Unfortunately, just as with for tightly tethered tongue tie, chin elevation results in gumming of the nipples leading to shallow latch and breastfeeding pain.

I should mention that there is a school of thought that tongue tie causes a high palate and that tongue tie release will resolve a high palate over time (I personally am skeptical of this position). In this particular paper, a small association was seen, but association is not causation... and there's no data that tongue tie release would have resolved a high palate.

There is no grading scale per se that I'm aware with respect to the palate position, but I typically use the terms normal, moderate, and severe.

The Interplay of Tongue Tie, Palate Position, and Tethering Severity

For good breastfeeding, a deep latch and effective tongue mobility is required.

Regardless of what "class" tongue tie is present, if the tethering is severe, the tongue's mobility is restricted which would adversely impact breastfeeding. Performing a release would tend to have a significant beneficial impact.

If tongue tie tethering is very mild, doing a tongue tie release procedure may not improve breastfeeding as much as one would hope, regardless of what class tongue tie is present.

HOWEVER, if a very high palate is present, a tongue tie release procedure may not necessarily help resolve breastfeeding issues even if a tightly tethered tongue tie is present.

Why?

Let's use an analogy.

Imagine a 5 foot, 6 inch basketball player with 20 pound ankle weights is trying to perform a slam dunk on the basketball rim.

Performing a tongue tie release is like removing the ankle weights. Removing ankle weights should help the basketball player do a slam dunk, but being only 5'6", it is unlikely that removing ankle weights will actually make any difference. It also would not matter if the ankle weights were 100 pounds (severely tethered tongue tie) instead of 20 pounds (mildly tethered tongue tie). The outcome would still be the same.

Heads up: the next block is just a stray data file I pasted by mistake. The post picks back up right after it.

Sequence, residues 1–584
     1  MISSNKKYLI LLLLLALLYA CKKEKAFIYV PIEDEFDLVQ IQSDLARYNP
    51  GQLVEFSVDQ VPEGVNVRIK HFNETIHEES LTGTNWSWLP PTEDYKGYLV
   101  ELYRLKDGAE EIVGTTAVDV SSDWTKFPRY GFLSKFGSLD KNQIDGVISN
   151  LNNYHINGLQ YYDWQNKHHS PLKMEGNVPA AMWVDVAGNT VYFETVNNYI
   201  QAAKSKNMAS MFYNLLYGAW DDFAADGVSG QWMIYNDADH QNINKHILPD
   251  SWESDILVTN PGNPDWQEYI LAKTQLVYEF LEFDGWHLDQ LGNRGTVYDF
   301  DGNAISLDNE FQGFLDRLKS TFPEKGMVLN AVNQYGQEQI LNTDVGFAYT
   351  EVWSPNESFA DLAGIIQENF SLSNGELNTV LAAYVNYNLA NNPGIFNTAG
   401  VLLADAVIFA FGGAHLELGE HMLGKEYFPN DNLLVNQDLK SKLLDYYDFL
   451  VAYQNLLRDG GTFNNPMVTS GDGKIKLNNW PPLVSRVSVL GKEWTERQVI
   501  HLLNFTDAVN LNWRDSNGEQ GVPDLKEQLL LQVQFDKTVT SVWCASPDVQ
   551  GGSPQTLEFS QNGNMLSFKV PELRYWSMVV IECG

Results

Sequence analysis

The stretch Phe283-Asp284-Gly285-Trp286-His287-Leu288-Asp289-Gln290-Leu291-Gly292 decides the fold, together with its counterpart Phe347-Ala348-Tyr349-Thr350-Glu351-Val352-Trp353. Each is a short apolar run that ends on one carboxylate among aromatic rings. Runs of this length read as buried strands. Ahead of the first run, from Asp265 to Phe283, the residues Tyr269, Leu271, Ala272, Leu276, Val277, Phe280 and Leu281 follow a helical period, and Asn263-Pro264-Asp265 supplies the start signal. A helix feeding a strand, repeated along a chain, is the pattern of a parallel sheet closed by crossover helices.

Similarly, if the high palate is too high, a tongue tie release may not help as much as one would hope regardless of how severe the tongue tie tethering.

In infants with a very high palate, it is important to counsel that although doing a tongue tie release may help with breastfeeding difficulties, there is a chance that it will not make any difference. Obviously, the more significant the tethered tongue tie, the greater the chance for improvement with release.

The decision to pursue a tongue tie release is not just about breastfeeding however. There is potential for speech and swallow issues later in life especially with Class 1 tongue ties and even if breastfeeding was not a problem, release is often performed due to these other considerations.

So... Who is the Ideal Candidate for Tongue Tie Release?

The ideal infant who is experiencing breastfeeding difficulties and who would have the greatest chance for improvement with tongue tie release is a Class 1-4 severely tethered tie with normal palate.

Infants who would have the lowest chance for improvement with tongue tie release are those who are Class 4 with mild tethering and a very high palate.

SO... does that mean that an infant with mild tethering and high palate should never get a tongue tie release done? Of course not... Such infants may still benefit from release... it's just that the chance for improvement is lower. The parents need to decide whether the potential benefits outweigh the risks especially when there is a lower chance for success.

These infants may benefit from not only working with a good lactation consultant, but also a good infant feeding specialist in order to achieve the highest possible chance for success.
Fauquier blog
Fauquier ENT

Dr. Christopher Chang is a private practice otolaryngology, head & neck surgeon specializing in the treatment of problems related to the ear, nose, and throat. Located in Warrenton, VA about 45 minutes west of Washington DC, he also provides inhalant allergy testing/treatment, hearing tests, and dispenses hearing aids. He is also the chief medical officer of O2Labz, a medical and scientific 3D animation company.Google+ Christopher Chang, MD Bio